The journey to this discovery began when a retired chemistry teacher and museum volunteer stumbled upon the initial gomphothere remains last spring. Little did he know that he had stumbled upon something truly extraordinary.

“I started coming upon one after another of toe and ankle bones,” says Dean Warner, in a media release. “As I continued to dig, what turned out to be the ulna and radius started to be uncovered. We all knew that something special had been found.”

Researchers and volunteers with the Florida Museum of Natural History have discovered the ancient remains of several gomphotheres at a fossil site in North Florida.
Researchers and volunteers with the Florida Museum of Natural History have discovered the ancient remains of several gomphotheres at a fossil site in North Florida. (Credit: Florida Museum photo by Kristen Grace)

Unconditional love: Dog aggression surprisingly increases after leaving shelters — but owners don’t regret adopting

Over six million animals enter shelters on an annual basis, but only about half end up being adopted. Shelter animals, dogs specifically, often get the reputation that they’re mangy and hard to control. While there may be some truth to these canine stereotypes, new research discovered that most families who decide to adopt a shelter dog end up feeling very happy about the decision.

Scientists at The Ohio State University report that while shelter dogs did indeed display more stranger aggression or training problems while researchers tracked them for six months at their new homes, owner satisfaction still remained high. In fact, 94 percent characterized their new pup’s behavior as either excellent or good.

“This is one of the most comprehensive studies, using multiple timepoints, to investigate post-adoption behavior in dogs. The findings help shelters counsel new dog guardians with more accurate information on what behavior changes to expect after adoption. This information will hopefully allow people to get help sooner for their dog’s behavior problems and keep more dogs in their adoptive homes,” the study authors conclude in a media release.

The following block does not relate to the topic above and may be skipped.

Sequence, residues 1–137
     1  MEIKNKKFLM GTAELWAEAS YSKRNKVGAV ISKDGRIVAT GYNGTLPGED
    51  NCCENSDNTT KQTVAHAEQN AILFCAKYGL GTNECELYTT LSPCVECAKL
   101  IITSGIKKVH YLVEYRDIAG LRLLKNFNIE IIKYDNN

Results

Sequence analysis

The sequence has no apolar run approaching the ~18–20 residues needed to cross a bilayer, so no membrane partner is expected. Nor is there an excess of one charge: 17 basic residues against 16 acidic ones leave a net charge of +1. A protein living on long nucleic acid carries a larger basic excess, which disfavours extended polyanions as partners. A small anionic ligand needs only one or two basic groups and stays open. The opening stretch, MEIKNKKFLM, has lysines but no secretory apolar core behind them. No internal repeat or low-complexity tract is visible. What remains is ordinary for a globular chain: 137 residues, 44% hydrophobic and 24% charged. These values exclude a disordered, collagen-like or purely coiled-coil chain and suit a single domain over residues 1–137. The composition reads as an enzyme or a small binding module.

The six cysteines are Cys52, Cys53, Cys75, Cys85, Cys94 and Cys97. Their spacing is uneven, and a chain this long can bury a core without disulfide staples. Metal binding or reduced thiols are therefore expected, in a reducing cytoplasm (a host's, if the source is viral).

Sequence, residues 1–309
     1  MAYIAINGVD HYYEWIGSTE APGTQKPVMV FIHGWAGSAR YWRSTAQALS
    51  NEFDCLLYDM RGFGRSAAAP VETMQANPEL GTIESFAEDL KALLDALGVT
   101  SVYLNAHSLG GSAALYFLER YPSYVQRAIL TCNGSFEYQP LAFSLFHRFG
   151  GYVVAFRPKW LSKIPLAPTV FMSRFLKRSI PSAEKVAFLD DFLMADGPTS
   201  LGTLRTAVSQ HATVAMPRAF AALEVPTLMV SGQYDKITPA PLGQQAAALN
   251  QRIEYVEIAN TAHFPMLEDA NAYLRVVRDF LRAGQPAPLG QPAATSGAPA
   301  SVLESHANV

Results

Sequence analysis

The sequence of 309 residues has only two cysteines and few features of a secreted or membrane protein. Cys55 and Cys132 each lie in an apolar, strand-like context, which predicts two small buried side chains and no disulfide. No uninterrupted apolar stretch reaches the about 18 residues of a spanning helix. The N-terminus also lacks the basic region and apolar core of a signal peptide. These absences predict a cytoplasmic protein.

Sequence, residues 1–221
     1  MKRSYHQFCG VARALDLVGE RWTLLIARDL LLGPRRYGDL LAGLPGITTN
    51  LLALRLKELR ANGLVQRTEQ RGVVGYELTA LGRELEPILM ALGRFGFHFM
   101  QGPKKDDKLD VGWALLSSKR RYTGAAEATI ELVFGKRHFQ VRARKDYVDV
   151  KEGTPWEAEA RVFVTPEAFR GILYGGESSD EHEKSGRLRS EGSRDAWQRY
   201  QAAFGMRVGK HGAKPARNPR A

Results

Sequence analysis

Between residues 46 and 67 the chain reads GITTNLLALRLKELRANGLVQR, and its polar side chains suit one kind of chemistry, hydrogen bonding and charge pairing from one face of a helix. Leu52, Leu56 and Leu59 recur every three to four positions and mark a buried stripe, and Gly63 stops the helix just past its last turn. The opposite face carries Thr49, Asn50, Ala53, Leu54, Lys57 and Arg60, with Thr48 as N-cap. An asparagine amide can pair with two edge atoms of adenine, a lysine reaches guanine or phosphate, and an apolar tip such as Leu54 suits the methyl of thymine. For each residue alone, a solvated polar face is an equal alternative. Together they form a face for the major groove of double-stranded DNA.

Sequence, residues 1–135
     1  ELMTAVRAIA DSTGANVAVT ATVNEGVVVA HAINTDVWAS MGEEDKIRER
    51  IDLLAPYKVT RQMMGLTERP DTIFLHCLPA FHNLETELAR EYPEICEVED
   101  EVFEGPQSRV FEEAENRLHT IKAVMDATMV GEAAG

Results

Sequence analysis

shelter dog with a worker
Shelter volunteer and dog interacting outside. CREDIT: Hannah MacIntyre, CC-BY 4.0 (

Meet the new arachnid with 3 different types of males

The fascinating world of the arachnid kingdom introduced us to a species that boasts three distinct types of males. These intriguing creatures, native to New Zealand, are thought to evolve into their disparate forms because of changing environmental factors.

The recent study illuminated the “trimorphic” nature of these arachnids, revealing that they could develop into powerful alpha or beta males, possessing large jaws that account for up to half of their total body weight. Conversely, they may evolve into comparatively small gamma males who allocate their resources towards reproduction, capitalizing on limited mating opportunities.

Trimorphism is remarkably rare in the animal kingdom. Initially, researchers theorized that genetics and nutrition may drive such variation within a single species. However, the study suggests that environmental factors, such as predator encounters, might be more significant than previously believed in determining the ultimate adult form of males.

A gamma male with missing legs and prey perched on top of a green leaf
A gamma male with missing legs and prey (credit: Erin Powell)

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StudyFinds Staff

StudyFinds sets out to find new research that speaks to mass audiences — without all the scientific jargon. The stories we publish are digestible, summarized versions of research that are intended to inform the reader as well as stir civil, educated debate.